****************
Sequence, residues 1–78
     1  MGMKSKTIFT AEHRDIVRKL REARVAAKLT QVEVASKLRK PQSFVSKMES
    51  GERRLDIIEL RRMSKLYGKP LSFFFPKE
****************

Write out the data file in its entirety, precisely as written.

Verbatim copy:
Sequence, residues 1–78
     1  MGMKSKTIFT AEHRDIVRKL REARVAAKLT QVEVASKLRK PQSFVSKMES
    51  GERRLDIIEL RRMSKLYGKP LSFFFPKE